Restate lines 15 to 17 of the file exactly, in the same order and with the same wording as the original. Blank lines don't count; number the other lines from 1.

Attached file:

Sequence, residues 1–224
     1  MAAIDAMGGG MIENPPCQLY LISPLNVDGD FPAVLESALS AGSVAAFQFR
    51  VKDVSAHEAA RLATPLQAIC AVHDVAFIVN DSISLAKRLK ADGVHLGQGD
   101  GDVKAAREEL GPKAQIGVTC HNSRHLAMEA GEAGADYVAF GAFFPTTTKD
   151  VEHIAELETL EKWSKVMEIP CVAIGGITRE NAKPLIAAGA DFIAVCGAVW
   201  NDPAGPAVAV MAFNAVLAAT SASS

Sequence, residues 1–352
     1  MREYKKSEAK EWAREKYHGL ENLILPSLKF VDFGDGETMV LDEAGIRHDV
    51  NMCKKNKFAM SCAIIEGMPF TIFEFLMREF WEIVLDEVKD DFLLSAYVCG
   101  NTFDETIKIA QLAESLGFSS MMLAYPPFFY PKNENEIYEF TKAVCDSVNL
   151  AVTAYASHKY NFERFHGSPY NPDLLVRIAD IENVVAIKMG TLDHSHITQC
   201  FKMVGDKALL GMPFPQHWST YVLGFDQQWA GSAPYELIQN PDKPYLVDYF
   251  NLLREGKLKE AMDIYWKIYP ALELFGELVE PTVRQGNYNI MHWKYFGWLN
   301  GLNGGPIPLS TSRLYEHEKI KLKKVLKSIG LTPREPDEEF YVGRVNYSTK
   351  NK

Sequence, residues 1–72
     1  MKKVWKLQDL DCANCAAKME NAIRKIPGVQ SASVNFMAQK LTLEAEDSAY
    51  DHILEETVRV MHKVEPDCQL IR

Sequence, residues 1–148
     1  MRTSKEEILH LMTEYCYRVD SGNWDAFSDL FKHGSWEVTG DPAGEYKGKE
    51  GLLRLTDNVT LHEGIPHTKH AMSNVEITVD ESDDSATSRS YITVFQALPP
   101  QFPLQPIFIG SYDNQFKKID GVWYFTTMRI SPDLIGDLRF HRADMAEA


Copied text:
   351  NK

Sequence, residues 1–72
     1  MKKVWKLQDL DCANCAAKME NAIRKIPGVQ SASVNFMAQK LTLEAEDSAY